This Mother’s Day I got treated to rest and dinner. My husband took care of my one-year-old all through church service and fulfilled most of our children’s demands throughout the weekend; I ate at my favorite restaurant (The Blue Nile, Ethiopian); and I finally watched the TD Jakes’ movie Not Easily Broken with Morris Chestnut and Taraji P. Henson.

For those of you who haven’t seen the movie, it’s about what happens to a married couple that doesn’t keep God at the center of the marriage. In this movie, selfish desires take precedence and allow bitterness and blame shifting to become basis of the couple’s interactions. Ultimately, pride is what keeps each of them from continually pursuing the other to make amends. But a conversation with her mother led the wife to a revelation of her complicity in destroying her marriage.

In defending why she encouraged her daughter to put her husband out of the house, her mother said: “Black women have to be strong and you know that.” “And in all your lessons about how I need to be strong and proud and independent, Mama, you left out some very important things. How to love, Mama. How to really care about somebody. How to forgive.” Oh, this struck a chord with me. My mama, too, like many of our mothers, gave us the reality lesson of the double struggle that comes with being black and a woman: People automatically discount your strengths so you have to work twice as hard to be considered half as good. And for me and others I know, this made us work more than twice as hard because we wanted to be considered more than half as good. This excellence, for me, resulted in pride. Not the kind that prompts you to have good self grooming and appreciate how God made you (this is good pride), but the kind that says, “I’m all that. I’d rather just do it myself to make sure it gets done right.” I became self-reliant and in my recovery, I have had to learn how to have God esteem, not self-esteem, and let people help me.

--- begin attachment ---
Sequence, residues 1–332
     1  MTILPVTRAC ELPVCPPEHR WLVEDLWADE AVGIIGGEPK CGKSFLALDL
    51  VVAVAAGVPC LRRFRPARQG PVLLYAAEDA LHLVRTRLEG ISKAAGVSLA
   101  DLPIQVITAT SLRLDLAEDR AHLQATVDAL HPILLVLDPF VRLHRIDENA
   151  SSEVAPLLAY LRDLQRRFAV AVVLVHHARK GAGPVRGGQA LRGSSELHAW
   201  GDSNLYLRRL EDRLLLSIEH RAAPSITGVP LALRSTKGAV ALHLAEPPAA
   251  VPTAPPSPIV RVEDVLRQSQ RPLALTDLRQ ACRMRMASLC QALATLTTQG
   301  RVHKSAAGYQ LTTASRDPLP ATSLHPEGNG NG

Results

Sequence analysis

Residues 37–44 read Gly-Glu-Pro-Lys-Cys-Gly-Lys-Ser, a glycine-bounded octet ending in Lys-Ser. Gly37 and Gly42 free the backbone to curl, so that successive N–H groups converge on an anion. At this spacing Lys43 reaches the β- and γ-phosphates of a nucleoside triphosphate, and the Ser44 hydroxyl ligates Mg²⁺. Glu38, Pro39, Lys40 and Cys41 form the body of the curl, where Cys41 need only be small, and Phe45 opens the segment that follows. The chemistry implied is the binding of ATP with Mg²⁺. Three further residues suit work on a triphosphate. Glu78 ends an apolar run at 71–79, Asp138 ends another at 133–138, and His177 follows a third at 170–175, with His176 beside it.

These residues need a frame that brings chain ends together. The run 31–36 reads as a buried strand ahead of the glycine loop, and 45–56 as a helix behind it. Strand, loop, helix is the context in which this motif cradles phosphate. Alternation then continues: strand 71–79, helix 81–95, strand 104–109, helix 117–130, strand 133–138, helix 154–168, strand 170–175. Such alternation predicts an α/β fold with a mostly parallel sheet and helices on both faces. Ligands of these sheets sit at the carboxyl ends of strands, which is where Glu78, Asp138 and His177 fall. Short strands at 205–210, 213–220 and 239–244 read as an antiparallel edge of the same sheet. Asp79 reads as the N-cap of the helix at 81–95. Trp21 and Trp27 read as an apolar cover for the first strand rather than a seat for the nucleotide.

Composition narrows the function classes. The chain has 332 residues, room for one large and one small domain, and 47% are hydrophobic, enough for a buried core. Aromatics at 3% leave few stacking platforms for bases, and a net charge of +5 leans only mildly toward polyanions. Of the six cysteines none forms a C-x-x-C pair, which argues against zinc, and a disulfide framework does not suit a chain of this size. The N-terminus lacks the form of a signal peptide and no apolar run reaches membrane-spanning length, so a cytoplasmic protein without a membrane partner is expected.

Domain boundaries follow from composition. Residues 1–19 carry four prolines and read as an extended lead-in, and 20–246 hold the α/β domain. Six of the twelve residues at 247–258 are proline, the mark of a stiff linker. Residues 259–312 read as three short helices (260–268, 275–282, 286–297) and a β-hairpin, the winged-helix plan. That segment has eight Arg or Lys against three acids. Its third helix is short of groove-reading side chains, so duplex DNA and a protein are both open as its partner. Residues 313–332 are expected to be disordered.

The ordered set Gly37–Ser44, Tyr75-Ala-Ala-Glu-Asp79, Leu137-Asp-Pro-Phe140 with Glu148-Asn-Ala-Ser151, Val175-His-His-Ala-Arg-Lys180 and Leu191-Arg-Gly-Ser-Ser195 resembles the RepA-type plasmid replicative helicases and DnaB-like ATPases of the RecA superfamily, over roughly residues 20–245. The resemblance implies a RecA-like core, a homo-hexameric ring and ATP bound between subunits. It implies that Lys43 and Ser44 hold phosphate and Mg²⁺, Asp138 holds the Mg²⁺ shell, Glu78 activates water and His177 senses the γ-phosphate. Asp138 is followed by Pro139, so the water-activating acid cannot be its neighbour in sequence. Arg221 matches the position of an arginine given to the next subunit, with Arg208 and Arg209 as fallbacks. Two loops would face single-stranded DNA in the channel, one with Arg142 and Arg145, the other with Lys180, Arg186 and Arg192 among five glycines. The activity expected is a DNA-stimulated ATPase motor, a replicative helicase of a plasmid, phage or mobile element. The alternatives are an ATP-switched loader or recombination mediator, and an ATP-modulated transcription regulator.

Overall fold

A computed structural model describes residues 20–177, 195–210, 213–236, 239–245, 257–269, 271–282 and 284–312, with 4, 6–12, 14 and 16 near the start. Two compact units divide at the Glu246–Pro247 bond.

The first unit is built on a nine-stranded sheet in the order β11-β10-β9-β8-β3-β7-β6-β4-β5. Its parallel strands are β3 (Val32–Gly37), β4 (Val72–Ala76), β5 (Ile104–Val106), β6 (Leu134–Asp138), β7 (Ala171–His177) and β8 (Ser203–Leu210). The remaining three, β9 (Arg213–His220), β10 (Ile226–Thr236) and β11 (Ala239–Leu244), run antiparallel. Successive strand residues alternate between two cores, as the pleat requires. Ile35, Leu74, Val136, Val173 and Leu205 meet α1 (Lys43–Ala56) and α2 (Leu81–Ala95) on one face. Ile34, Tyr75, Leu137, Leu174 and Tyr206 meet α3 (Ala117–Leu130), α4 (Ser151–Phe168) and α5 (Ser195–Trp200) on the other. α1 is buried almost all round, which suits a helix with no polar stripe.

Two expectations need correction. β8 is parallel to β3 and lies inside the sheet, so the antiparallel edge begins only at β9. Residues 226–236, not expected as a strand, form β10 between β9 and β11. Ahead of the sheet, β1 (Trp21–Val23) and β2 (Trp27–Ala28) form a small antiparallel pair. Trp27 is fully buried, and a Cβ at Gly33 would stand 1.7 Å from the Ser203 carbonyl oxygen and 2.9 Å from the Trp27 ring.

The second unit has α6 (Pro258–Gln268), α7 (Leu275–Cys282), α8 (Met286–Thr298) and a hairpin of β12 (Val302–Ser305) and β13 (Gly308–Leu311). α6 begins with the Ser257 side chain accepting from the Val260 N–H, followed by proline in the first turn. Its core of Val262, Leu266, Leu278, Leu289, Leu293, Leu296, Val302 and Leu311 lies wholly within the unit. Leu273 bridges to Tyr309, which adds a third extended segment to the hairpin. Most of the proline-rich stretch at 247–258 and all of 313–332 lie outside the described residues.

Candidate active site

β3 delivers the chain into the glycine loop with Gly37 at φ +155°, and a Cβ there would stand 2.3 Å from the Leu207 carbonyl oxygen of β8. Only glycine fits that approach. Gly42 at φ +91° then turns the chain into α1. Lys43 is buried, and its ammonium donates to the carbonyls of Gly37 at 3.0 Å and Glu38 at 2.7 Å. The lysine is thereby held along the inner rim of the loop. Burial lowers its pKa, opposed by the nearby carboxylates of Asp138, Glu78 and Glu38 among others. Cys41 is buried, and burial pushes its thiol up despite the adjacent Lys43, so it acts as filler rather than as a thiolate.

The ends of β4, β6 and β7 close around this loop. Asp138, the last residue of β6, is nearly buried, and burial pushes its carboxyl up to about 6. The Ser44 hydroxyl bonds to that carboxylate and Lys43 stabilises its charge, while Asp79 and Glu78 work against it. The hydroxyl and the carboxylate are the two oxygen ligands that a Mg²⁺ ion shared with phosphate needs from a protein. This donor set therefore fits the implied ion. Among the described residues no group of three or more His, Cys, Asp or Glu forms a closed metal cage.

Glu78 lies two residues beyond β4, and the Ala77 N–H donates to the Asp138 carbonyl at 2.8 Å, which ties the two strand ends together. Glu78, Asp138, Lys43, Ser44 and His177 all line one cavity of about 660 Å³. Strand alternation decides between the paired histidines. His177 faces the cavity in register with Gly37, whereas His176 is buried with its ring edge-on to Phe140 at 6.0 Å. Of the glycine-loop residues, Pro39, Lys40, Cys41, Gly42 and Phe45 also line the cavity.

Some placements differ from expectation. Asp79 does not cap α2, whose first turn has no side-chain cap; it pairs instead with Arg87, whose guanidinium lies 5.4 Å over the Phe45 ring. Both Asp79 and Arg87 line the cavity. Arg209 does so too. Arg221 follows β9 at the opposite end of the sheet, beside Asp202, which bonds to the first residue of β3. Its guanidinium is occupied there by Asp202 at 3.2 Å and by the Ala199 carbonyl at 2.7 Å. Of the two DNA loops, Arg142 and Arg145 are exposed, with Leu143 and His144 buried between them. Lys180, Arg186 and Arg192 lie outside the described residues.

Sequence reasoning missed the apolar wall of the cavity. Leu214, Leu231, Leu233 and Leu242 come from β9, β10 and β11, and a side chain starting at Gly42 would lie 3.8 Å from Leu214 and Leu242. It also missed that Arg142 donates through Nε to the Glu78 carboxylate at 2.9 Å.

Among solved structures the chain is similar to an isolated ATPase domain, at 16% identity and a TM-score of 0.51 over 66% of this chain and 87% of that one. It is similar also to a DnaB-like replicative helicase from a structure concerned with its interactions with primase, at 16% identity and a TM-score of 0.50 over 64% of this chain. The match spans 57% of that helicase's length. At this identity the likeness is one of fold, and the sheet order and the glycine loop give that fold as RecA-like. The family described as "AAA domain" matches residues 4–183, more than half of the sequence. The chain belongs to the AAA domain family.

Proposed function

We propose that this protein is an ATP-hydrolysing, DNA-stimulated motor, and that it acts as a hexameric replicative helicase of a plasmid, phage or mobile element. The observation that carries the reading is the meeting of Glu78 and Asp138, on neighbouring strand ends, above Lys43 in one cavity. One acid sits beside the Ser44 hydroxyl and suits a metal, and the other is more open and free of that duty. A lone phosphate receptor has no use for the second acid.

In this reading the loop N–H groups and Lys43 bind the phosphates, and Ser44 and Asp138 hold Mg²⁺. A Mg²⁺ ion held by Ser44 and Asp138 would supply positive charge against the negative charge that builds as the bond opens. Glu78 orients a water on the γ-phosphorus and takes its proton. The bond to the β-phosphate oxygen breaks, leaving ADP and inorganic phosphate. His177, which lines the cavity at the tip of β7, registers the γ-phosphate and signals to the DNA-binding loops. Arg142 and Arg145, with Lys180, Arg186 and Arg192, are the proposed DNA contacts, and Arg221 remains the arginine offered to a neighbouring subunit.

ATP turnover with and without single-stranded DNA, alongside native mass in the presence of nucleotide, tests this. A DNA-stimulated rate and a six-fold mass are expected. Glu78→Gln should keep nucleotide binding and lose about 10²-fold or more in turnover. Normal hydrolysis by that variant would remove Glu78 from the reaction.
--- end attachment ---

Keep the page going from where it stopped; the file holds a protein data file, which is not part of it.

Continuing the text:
Pride has been my source of strength, my vice, for many years. We know that pride comes in many forms, and I have dealt with a good variety of them: intellectual pride, family pride, sorority pride, material pride, just to name a few (Yes, there are more. I will be delivered, in Jesus’ name). As I prepare to reveal my proud self in various areas of my life, tell me where you struggle with pride. How has pride been a hindrance for you? Talk to me.

Copyright 2009 by Rhonda J. Smith


2 responses to “Pride

  1. Pride is an ugly monster that we rather not talk about, after all we were raised to seek after pride. But as I look in God’s word it is the root of ungodliness. Satan displayed it and those who have been influenced by him displays it brightly. It is the one charater trait that we should look for in a spritual leader to run from. As I read in the Old Testament any time anyone was filled with pride/himself God departed. I pray daily against self-sufficiency, bragging, judging, etc… Of course the Lord will remove himself from your presence so you can experience dryness, lack of direction, and failure. Like David we must fall on our face, repent, and move on.

  2. musingsofastrongblackwoman

    Thanks for your insight. I appreciate you taking the time to share.

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